The TSA has even assigned point values to each suspicious act. Strong body odor, for example, is worth 1 point, while a cold penetrating stare rates 2 points. If a passenger appears to be in disguise, he’s assessed 3 points. Points can also be deducted for a passenger’s age, or if they appear to be traveling with a spouse. Anyone assessed 4 or 5 points is subject to further screening and 6 or more points causes a supervisor to be called.   read more

Obama and Agriculture Dept. Agree that White Potatoes are Nutritious for Poor People

The reviewers concluded that there was “insufficient evidence” that adding white potatoes to the approved list would change food purchasing habits of WIC recipients, and that there was “no evidence” purchasing habits had changed since white potatoes were removed from the list in 2009. Furthermore, “The nutrient profile of white potatoes does not support their exclusion from the CVV [cash value voucher program] because their nutrient content is similar to that of other starchy vegetables."   read more

Why is Time-Warner Allowed to Collect Royalties on “Happy Birthday to You”?

“If you don't pay for the license to the song they will notify you and let you know that you have to pay,” said case plaintiff Jennifer Nelson. “They've never actually sued anybody but they have strong-armed people into having to pay.” Warner/Chappell Music charges anywhere from $500 to upwards of six figures for the song's use in a major motion picture. Nelson says it's been in the public domain for 65 years, while Warner says it owns title to copyright registration dating back to 1935.   read more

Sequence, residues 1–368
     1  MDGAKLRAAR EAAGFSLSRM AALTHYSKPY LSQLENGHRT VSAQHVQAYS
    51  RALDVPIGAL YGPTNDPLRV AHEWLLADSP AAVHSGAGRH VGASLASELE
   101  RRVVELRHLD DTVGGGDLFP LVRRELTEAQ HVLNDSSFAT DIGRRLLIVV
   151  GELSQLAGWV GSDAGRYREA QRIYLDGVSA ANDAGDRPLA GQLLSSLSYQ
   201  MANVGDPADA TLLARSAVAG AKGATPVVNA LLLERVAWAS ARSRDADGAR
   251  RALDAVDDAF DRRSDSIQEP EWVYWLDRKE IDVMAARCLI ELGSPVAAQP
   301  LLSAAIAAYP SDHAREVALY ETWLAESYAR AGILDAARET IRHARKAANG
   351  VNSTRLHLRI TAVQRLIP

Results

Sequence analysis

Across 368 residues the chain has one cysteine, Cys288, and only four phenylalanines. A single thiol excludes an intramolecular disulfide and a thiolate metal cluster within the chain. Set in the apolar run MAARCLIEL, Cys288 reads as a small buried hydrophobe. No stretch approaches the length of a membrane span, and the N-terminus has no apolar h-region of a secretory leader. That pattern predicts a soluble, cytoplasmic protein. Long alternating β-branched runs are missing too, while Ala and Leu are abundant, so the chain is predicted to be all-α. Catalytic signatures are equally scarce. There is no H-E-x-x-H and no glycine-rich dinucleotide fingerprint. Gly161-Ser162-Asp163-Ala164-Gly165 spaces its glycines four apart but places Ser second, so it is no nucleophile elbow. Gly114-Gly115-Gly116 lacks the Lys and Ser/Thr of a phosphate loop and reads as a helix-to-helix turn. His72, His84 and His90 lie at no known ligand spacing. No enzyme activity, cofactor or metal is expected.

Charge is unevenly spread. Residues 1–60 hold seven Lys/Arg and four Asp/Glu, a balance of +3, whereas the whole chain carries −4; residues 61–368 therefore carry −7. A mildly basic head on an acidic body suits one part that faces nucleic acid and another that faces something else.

Lawyer who Defends Corporations Accused of Creating Toxic Pollution Sues Neighbor for Smoking Inside his own House

When she’s not defending corporate polluters accused of releasing toxic substances, Nessa Coppinger is in court suing her neighbor for smoking in the privacy of his own home. She said Gray’s smoking was “a health concern” for her family. “We don’t allow smoking in our home,” she said. They want their neighbors to pay them $500,000 in damages, saying the smoke has intruded on their property. They’ve already gotten D.C. Judge Ronna Beck to issue an order banning smoking in Gray’s house.   read more

Breast Milk for Sale versus Breast Milk Banks

One biotech company offers cash to mothers to donate their extra breast milk to its lab. The company sells the human milk--which some call "white plasma"--at $180 an ounce, which means one premature baby can easily consume $10,000 worth over several weeks. But the lure of cash for milk may begin to drain the resources of milk banks, which don’t pay mothers for their contributions. Opponents say “breast milk farming” could lead greedy moms to do unscrupulous things in order to increase profits.   read more

U.S. Cities with Highest and Lowest Rates of Gay Populations

Despite its status as home base for the Mormon Church, Utah has passed legislation with the support of the church prohibiting discrimination based on sexual orientation or gender identity in employment and housing. The area may also attract LGBT people from other, less welcoming, locations in the West. The metropolitan area with the fewest who identify as LGBT is Birmingham, Alabama, at 2.6%.   read more

Aaron Schock Breaks 223-Year-Old Record as Youngest Person to Resign a Congressional Seat